A Shared Name

A good name is more desirable than great riches;
to be esteemed is better than silver or gold.

(Proverbs 22:1)

Our first-born was carefully named, loved and cherished. There were family links with the name: Catherine Ann. She was barely two when our second child was born. He was named Alan John. Within 24 hours of birth we realised that all was not well, and although immediately loved and well cared for by those who attended him, five days later he was buried in the mission cemetery at Chikankata. It was a devastating experience for us. Another five years were to pass before we could rejoice in the birth of our third child. The names we gave him once again had family links: André Mark.

But that was out of keeping with the ancient tradition of the people with whom we lived and worked. When a child is born after the death of an infant who has not cut the first tooth, the Tonga custom is that the child is given the name 'Cheelo'. This means ghost. Apparently the thought was that if that child also dies, the parents are told it was only a ghost, and the sense of grief might be reduced. A cheelo also becomes the object of joking and teasing. Fortunately André survived and there was great rejoicing all round. Even the women of the congregation attached to the leprosarium took delight in holding him in their arms, dancing round singing: 'Our Cheelo!'

A few days after André was born I met headman, Charlie Chikankata as he wandered through the hospital. He stopped to ask me about our newly-born son, concluding with the question: 'What's his name?'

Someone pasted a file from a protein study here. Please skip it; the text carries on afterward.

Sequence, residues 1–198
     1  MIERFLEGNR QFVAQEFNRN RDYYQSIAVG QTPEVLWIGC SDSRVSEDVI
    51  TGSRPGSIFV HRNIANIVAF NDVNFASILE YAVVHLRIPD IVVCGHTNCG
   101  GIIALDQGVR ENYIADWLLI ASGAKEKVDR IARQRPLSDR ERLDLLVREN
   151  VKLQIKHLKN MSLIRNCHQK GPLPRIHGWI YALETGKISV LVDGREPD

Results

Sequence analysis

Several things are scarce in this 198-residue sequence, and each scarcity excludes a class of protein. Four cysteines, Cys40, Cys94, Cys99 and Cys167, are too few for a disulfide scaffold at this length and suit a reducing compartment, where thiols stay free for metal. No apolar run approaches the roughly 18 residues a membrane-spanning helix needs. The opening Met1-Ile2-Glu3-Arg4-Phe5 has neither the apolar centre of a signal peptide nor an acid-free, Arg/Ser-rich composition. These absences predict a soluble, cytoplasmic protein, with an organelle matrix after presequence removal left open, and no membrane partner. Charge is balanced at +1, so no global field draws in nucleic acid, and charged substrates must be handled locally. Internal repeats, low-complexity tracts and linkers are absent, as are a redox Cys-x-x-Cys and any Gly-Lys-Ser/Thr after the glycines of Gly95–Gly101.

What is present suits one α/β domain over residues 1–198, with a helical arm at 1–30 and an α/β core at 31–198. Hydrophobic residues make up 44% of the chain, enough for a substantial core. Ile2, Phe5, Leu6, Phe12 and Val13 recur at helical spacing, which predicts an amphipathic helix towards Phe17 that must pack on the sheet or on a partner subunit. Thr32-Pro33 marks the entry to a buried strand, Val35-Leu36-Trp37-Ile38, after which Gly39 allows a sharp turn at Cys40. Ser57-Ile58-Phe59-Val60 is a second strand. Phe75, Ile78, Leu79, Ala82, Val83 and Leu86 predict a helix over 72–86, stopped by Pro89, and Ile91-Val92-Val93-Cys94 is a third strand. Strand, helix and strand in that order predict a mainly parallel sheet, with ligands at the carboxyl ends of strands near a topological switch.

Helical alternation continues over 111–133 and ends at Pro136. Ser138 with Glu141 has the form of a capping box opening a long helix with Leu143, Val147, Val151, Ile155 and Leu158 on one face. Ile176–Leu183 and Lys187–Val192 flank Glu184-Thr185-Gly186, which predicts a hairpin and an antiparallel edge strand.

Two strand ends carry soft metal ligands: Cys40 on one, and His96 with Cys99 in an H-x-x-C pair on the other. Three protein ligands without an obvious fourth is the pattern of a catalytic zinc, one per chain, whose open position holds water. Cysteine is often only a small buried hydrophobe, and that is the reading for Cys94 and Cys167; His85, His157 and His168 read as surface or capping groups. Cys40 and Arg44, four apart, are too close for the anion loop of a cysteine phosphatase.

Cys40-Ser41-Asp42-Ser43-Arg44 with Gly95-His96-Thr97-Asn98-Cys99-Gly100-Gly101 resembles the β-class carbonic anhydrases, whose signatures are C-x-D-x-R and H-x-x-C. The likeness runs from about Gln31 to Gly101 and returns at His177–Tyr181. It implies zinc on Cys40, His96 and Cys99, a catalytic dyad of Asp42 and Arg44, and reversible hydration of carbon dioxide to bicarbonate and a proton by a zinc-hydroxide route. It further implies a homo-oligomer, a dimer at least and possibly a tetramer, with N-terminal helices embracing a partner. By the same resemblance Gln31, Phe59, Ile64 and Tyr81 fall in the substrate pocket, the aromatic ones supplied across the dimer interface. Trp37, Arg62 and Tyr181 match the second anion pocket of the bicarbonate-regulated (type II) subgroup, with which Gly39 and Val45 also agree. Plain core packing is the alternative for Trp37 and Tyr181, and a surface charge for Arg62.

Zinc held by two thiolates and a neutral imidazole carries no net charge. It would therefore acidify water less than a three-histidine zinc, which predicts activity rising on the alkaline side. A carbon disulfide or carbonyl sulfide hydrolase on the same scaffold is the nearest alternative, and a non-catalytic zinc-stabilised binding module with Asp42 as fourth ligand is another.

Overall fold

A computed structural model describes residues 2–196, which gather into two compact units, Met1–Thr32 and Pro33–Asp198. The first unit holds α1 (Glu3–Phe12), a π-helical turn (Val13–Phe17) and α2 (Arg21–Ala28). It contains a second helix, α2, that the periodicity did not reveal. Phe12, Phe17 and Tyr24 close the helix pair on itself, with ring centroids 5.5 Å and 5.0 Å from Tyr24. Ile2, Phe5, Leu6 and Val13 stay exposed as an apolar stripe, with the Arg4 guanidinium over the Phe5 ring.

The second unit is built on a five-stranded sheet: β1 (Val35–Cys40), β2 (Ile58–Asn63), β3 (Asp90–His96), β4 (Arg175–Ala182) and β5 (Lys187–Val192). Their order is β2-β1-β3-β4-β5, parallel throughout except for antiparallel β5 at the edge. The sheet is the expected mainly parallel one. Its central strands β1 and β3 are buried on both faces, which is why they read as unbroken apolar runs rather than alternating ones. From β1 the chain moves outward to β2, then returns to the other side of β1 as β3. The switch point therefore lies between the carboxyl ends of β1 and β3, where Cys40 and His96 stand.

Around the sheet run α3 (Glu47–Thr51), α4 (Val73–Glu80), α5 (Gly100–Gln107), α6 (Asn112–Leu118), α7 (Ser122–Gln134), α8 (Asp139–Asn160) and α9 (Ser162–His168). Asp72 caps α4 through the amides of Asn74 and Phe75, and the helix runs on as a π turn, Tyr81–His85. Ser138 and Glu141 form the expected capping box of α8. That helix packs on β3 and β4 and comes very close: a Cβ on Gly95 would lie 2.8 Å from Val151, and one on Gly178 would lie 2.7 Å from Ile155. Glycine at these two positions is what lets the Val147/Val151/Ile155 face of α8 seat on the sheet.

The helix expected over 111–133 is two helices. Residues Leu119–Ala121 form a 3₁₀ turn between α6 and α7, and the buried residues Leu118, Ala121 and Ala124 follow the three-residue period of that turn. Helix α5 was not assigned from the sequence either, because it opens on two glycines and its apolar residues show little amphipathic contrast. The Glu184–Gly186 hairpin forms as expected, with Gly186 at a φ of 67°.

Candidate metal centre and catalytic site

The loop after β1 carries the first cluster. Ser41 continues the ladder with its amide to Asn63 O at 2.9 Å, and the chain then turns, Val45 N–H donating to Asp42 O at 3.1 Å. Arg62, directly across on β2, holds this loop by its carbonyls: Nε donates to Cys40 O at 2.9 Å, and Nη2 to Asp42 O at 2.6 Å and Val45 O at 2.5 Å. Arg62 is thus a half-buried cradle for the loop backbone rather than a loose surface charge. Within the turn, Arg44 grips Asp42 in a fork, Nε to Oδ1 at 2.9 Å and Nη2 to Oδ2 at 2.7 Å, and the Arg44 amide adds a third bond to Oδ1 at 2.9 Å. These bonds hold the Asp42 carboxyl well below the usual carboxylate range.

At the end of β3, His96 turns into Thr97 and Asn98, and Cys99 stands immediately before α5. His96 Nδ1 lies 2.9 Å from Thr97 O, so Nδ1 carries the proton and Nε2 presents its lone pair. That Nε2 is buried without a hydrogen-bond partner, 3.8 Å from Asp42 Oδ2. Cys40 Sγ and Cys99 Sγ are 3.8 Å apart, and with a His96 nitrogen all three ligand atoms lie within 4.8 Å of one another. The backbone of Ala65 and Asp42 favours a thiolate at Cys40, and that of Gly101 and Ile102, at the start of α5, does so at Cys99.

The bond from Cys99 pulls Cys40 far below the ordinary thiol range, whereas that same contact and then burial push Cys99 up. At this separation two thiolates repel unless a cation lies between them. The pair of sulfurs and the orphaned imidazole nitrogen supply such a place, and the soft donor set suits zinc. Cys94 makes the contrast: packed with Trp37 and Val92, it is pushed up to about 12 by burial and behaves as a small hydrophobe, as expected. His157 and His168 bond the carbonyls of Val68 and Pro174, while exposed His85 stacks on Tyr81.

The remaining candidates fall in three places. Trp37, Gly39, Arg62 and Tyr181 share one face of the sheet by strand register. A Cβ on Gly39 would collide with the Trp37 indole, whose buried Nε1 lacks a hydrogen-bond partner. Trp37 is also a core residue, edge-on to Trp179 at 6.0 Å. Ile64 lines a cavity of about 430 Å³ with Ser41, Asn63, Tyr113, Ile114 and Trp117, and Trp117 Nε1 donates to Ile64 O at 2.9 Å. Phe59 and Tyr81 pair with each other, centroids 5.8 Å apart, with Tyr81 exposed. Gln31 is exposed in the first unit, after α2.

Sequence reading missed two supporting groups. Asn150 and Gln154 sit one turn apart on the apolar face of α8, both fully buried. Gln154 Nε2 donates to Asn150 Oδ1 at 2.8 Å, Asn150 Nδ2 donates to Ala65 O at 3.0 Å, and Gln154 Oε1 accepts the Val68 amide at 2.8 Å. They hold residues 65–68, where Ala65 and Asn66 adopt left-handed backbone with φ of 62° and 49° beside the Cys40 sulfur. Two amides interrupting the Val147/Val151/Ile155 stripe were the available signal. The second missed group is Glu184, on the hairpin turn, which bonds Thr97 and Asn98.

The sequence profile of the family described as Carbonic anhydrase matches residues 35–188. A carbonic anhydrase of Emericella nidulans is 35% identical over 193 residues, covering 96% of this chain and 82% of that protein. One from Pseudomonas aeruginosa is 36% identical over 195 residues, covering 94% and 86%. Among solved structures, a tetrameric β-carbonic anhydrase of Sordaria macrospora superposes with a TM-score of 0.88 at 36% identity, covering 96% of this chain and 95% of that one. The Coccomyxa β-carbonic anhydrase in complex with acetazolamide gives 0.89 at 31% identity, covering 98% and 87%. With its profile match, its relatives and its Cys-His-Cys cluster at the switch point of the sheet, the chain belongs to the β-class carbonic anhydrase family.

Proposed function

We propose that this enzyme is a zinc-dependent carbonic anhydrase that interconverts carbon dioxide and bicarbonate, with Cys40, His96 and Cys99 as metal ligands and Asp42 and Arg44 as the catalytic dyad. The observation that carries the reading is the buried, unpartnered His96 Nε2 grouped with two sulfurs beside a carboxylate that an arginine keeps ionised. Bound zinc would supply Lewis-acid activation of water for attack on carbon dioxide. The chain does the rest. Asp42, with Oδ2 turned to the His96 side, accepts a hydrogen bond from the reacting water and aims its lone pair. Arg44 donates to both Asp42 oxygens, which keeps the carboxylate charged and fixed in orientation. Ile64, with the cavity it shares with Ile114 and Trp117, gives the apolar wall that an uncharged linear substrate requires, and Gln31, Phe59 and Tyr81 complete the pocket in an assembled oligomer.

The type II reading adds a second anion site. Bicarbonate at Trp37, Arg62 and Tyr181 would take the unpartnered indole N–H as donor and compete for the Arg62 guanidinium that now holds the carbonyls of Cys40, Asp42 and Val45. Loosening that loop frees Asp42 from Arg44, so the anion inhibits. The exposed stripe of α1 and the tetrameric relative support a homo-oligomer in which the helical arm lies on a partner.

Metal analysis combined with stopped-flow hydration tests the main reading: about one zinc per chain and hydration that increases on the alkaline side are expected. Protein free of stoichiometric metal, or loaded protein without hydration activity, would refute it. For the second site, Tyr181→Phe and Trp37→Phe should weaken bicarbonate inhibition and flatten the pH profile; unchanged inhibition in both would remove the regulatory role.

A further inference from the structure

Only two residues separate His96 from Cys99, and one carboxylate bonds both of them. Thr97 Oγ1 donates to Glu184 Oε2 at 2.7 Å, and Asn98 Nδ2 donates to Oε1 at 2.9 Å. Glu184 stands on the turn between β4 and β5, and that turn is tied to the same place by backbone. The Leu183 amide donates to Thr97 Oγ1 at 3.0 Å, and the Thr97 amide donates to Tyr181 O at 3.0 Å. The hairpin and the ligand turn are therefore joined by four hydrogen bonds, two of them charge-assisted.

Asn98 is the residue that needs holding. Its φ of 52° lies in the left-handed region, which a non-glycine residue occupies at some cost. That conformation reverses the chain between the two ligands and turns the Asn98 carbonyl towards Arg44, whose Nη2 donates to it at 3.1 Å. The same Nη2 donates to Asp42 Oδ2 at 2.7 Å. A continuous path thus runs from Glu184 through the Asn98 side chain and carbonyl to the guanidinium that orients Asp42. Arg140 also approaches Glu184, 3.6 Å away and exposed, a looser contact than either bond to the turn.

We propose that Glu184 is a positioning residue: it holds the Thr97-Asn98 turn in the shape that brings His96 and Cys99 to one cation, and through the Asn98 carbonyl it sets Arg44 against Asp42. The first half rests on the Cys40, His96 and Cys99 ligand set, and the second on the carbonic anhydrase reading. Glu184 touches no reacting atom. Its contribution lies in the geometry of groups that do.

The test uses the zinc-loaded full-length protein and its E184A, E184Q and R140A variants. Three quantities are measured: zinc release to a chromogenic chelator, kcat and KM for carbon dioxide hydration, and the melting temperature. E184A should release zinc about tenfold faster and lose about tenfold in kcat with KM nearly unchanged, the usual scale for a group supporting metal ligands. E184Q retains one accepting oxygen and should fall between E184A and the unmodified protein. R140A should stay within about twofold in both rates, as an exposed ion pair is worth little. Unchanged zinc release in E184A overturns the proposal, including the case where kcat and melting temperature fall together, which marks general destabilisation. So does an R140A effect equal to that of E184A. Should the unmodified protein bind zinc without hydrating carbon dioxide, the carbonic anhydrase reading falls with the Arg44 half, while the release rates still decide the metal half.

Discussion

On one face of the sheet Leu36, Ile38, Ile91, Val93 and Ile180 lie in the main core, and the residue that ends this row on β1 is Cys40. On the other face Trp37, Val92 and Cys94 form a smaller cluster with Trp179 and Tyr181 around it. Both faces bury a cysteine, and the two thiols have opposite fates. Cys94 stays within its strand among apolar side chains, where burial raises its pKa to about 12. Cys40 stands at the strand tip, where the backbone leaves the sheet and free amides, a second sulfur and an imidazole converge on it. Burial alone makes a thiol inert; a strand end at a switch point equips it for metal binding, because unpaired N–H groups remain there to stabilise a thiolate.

I replied: 'Well by your custom he shouldn't have a name - he's just 'Cheelo'. 

Charlie responded like a shot: 'O, don't follow any of our old customs. Give him a name. And if you can't think of one, give him mine! It's 'Kanankamana,' he told me. And then with a twinkle in his eye explained it's meaning: 'the one who stands tall and gives orders to others.'

That name is not on his birth certificate, but the news spread quickly. In the local area our son was called 'Kanankamana'. Four decades later André smiles about it. He doesn't seem to mind the name. 

When Charlie died they would not proceed with the funeral until two-year-old André was brought to the village. The name had bound them together, if only in the minds of the local people. 

Some of us are given nicknames. I've had a few in my lifetime. And there are endearments we acquire. They all add to our sense of identity and well-being. And for many of us, as people of faith, we claim, or are given the label: Christian. 

It's an extra name of which we should be proud. It's a name that is both good and desirable.